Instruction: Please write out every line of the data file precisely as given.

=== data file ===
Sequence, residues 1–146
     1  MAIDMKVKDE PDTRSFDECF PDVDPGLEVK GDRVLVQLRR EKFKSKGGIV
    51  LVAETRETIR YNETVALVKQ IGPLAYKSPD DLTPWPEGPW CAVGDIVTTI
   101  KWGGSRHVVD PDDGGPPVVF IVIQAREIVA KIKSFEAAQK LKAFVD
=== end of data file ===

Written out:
Sequence, residues 1–146
     1  MAIDMKVKDE PDTRSFDECF PDVDPGLEVK GDRVLVQLRR EKFKSKGGIV
    51  LVAETRETIR YNETVALVKQ IGPLAYKSPD DLTPWPEGPW CAVGDIVTTI
   101  KWGGSRHVVD PDDGGPPVVF IVIQAREIVA KIKSFEAAQK LKAFVD